Consequently, women often don’t realize the way they are dressing may be setting themselves up to be viewed by a man as a mere object for sexual pleasure. “Very often, a woman does not regard a particular way of dressing as shameless…although some man, or indeed many men, may find it so“
- Through our eating habits:
We eat and drink excessively when we are out with friends. Gluttony is a sign that we are full of lust and cannot deny ourselves even food.
It is almost certain that excess in eating is the cause of almost all the diseases of the body, but its effects on the soul are even more disastrous.
~ St. Alphonsus Liguori
Our faith is all about the cross and self sacrifice. As St. Richard of Chichester writes,
“Satisfaction consists in the cutting off of the causes of the sin. Thus, fasting is the proper antidote to lust; prayer to pride, to envy, anger and sloth; alms to covetousness.”
- Abetting the wrong of another:
So often, just to remain in the good books of our friends, we do not attempt to correct or bring to light their wrong doing. We thus continue aiding our friends in leading others astray.
Take no part in the unfruitful works of darkness, but instead expose them.
~ Ephesians 5:11
- Through our actions in general:
We portray ourselves to be very pious and holy in church but outside we are full of anger, pride, jealousy, hatred and much more.
If we have everything but have no love, how can we say we follow Christ? ~ 1 Corinthians 13:2
We are then leading people away, rather than towards Christ.
Being a stumbling block to others through the way we live our life is definitely not acceptable.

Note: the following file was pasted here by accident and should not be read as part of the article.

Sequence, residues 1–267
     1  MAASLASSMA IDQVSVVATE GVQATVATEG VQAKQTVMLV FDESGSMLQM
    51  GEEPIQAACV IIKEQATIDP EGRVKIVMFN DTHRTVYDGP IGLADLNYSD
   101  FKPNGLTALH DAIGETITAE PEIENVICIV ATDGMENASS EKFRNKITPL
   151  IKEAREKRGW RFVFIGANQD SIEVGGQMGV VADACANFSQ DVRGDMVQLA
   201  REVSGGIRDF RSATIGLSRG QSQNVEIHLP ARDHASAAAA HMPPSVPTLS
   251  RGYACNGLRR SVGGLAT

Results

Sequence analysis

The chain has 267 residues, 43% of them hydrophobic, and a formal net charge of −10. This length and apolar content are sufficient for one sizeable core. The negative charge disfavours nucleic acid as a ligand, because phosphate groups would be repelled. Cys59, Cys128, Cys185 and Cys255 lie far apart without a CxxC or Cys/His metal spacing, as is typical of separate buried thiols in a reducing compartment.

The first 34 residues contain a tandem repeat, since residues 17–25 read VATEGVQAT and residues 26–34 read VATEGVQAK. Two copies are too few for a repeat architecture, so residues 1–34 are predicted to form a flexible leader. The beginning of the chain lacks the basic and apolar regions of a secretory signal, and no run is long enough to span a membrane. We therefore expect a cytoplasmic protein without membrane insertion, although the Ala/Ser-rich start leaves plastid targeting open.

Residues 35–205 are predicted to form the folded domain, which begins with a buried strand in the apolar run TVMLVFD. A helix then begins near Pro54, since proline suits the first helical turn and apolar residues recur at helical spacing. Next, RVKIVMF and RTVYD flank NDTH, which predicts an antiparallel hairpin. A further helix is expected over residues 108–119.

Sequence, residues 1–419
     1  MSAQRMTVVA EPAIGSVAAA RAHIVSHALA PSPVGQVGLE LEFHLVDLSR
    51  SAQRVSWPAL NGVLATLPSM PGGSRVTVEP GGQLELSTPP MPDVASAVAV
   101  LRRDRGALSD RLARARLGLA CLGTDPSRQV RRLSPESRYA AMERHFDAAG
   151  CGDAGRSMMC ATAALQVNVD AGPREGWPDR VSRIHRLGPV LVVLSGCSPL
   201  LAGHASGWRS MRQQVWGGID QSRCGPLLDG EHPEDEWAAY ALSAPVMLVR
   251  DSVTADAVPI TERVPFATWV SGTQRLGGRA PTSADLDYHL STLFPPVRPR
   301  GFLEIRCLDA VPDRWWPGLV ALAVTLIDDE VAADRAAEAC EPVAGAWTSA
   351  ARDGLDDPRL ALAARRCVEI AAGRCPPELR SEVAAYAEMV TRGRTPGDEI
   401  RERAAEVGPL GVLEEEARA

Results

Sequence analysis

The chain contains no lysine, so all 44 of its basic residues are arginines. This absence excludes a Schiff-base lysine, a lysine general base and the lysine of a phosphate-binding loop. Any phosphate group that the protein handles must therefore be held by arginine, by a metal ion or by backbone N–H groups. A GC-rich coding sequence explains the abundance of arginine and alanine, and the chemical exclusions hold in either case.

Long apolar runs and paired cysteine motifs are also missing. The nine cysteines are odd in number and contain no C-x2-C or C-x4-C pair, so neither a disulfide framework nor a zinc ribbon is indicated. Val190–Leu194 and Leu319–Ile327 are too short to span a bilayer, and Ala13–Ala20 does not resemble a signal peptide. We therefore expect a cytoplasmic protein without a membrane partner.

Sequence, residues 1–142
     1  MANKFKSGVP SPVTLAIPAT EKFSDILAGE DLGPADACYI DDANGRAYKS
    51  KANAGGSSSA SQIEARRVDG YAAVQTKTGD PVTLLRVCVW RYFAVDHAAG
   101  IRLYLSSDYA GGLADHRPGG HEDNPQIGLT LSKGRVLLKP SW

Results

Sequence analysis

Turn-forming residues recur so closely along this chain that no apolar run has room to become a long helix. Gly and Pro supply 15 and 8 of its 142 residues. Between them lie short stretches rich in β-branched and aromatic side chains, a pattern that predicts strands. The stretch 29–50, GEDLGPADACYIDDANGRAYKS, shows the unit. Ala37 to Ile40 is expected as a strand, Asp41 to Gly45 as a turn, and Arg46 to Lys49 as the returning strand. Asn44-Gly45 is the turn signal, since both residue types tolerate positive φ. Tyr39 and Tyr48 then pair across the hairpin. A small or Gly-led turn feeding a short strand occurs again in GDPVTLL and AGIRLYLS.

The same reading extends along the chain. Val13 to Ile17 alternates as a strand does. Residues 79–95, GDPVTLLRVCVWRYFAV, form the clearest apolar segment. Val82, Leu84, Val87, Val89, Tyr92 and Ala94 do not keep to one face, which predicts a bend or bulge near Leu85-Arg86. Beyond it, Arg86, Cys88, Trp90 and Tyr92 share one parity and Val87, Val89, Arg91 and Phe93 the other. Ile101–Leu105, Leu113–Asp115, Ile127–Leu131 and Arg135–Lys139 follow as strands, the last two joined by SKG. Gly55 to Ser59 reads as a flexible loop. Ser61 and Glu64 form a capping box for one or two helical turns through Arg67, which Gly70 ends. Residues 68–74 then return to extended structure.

Often, we fail to realise that we are causing others to sin. It is therefore necessary to constantly seek the Lord through prayer and adoration and constantly ask Jesus if the way we live our life is pleasing to Him. We also need to have a close friend who can correct us from time to time if we are becoming a stumbling block to others.
Today the world needs role models. It has plenty of people telling them how to do everything but in the wrong manner. We are taught that wearing less clothes means we are more attractive, smoking, getting drunk and using perverted language makes us cool; abusing, hitting and bullying others makes us a man.
Unfortunately we have believed the lie and in the process, not only have we stumbled, but we have caused others to fall along with us.
Like there are two sides to a coin, we must realise that, while people may introduce temptations (stumbling blocks) into our lives, the responsibility to walk in righteousness by the grace of God falls squarely on our own shoulders. God may indeed deal with the one who introduces the stumbling block, whether it be a spirit of error or some form of lust—the lust of the flesh, the lust of the eyes and the pride of life—but the burden remains on us to discern, confront and press past that stumbling block no matter who introduces it and no matter what it is.
May we all strive to do our best to present ourselves to God as one approved by him, a worker who has no need to be ashamed, rightly explaining and living the word of truth. (2 Timothy 2:15)